The Lane in Palmwoods is one of the more recent examples of a genuine grass-roots initiative creatively emerging on the Sunshine Coast. The Lane is three businesses: Homegrown Café, The Shed, and Renae’s Pantry – all committed to operating sustainably and building community, whilst sharing a communal space – that is “The Lane”.  There is an emphasis on local products and providing a hub for people to get together in a relaxed and social way. This is best exemplified by the event that is locally known as Friday night at The Lane. The word has been quickly spreading around the coast and hinterland, and people are flocking in ever-increasing numbers to The Lane for both good food and real face to face interaction. The sounds of children playing and adults reconnecting is the soundtrack to some very casual dining and just as casual shopping as the standard working week draws to a close.

Sarah at “The Homegrown Café” literally open’s up her kitchen’s back door to serve a small choice of wholesome organic meals. “Renae’s Pantry” is a vibrant community exchange where local growers and producers drop off their goods, and they themselves and other savvy locavores shop for an ever swelling range of organic foods and other ethical products. Renae and Ben, the husband and wife team who set up the Pantry, are supported by Ben’s mum, dad and sister, who each Friday night set up an outdoor kitchen next to the Pantry to add a further selection of wholesome meals available to the milling mob.  “The Shed” up the back end of the Lane, where owner Katie stocks a selection of Australian-made clothing, books and gifts, and where Gary roasts coffee for both the Homegrown Café and the general public, on Friday night transforms into the dessert bar as Sascha from Daisy Cakes sells a selection of her irresistable desserts for eating in The Lane or for taking home.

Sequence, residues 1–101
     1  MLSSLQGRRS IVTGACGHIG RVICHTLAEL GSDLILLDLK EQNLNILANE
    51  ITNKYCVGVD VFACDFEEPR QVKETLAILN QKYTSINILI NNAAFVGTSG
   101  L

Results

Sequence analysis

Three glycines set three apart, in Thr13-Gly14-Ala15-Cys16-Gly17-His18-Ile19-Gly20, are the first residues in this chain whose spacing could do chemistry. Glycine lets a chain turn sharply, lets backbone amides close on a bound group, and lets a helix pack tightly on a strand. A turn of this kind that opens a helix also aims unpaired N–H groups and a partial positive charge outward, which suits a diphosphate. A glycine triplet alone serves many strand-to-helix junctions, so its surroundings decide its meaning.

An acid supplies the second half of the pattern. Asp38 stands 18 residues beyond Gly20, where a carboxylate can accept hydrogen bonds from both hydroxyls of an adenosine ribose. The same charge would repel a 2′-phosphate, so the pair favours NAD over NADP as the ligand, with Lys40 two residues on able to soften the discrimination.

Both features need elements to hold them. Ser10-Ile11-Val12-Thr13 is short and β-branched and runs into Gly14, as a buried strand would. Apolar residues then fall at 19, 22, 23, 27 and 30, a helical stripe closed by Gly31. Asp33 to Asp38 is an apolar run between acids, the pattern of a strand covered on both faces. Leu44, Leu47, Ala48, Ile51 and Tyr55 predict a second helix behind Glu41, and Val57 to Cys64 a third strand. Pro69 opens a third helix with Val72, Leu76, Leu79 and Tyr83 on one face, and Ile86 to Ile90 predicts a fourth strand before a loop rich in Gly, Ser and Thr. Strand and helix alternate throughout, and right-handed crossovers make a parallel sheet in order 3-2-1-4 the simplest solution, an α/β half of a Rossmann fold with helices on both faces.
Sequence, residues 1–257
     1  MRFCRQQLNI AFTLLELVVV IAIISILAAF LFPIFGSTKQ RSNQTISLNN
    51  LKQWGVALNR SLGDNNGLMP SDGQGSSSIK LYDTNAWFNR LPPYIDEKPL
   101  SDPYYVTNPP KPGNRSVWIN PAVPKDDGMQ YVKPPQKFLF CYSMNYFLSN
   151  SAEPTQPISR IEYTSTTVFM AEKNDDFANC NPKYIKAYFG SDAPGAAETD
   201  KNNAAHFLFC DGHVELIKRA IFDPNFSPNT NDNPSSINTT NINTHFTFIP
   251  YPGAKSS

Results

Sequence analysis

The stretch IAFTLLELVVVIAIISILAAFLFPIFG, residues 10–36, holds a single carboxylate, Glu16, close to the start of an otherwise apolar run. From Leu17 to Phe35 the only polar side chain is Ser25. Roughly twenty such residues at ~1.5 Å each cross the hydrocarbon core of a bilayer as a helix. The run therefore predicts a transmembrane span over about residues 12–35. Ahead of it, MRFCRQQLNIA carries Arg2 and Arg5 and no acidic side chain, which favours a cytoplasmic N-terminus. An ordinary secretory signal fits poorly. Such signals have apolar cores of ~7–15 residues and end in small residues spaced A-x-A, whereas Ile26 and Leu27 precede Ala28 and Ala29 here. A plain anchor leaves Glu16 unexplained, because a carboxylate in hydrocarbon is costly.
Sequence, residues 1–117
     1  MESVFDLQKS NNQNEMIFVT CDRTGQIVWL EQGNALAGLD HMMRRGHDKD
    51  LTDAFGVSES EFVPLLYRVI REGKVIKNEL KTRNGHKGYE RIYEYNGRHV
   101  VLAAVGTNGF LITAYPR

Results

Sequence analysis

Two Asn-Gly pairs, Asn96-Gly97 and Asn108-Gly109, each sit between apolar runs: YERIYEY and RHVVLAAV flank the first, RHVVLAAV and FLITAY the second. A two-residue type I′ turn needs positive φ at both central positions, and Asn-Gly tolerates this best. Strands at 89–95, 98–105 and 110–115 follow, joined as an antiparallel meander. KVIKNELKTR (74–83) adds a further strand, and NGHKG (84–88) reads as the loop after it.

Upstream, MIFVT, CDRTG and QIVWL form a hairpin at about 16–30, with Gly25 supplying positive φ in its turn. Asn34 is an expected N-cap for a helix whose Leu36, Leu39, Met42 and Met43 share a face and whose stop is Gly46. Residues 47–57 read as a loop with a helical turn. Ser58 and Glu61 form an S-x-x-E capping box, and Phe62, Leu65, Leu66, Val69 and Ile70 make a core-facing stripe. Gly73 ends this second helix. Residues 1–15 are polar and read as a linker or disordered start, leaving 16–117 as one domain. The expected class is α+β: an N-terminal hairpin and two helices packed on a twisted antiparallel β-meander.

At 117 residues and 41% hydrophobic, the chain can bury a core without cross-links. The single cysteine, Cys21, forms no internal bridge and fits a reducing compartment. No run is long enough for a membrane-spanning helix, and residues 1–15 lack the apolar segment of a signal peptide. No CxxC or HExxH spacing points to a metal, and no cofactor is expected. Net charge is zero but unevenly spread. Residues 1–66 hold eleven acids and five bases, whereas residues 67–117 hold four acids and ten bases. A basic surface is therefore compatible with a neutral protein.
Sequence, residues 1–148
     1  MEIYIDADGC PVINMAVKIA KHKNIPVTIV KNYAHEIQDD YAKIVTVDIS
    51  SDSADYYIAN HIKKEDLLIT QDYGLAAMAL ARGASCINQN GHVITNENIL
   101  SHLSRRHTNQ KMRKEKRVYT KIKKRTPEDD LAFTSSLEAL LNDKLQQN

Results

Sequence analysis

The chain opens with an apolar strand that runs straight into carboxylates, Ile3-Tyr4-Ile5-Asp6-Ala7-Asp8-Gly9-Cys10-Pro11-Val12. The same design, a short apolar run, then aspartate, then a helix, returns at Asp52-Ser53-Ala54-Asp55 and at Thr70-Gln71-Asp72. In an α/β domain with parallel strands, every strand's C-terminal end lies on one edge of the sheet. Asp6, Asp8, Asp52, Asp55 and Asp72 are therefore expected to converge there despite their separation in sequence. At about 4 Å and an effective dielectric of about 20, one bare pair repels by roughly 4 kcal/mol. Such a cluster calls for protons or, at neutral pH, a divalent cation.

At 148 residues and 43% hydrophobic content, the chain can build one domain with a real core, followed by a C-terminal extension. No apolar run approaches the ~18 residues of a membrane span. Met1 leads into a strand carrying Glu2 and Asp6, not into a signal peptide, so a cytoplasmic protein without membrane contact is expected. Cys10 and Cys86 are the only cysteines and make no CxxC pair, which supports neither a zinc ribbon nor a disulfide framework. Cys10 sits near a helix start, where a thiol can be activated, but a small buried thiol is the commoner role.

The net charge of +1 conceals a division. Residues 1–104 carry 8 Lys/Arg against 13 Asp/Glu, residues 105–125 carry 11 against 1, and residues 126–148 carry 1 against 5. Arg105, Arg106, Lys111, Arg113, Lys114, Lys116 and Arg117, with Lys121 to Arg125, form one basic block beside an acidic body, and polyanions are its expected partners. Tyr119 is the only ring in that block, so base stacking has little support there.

The overwhelming participation of the locals in this initiative is testament to the reality that many of us are opting to do things differently. Prior to the invasion of western expansionist culture this region was known by indigenous peoples from as far away as Charleville, Dubbo, Bundaberg and Grafton as a meeting place to share the abundant local bounty of the Bunya nut. Every three or so years thousands of people flocked to the Blackall Range to gather bunya nuts and share stories and culture. The Bunya nut pine tree that bears this invaluable food source was held sacred by the first peoples and was protected. Maybe in the long term humans will once again learn to protect the natural bounty of this region, and the coming together of people will be a sustainable and socially nurturing celebration of life. Places like The Lane in Palmwoods are the seeds for this new future.

Spotlight – The Lane

Where: Main St, Palmwoods, Queensland 4555

When: Tue – Thu: 8:00 am – 4:00 pm

Fri: 8:00 am – 8:30 pm

Sat: 6:30 am – 2:00 pm

What: The Lane is a joint effort by Homegrown Cafe, Renae’s Pantry and Mother Maria Clothing. Coffee, cake, breakfast and lunch is available Tuesday to Saturday. Fresh community & organic produce, books, clothing, coffee roasting & much more every Thursday, Friday and Saturday. Street food & late night shopping every Friday Night.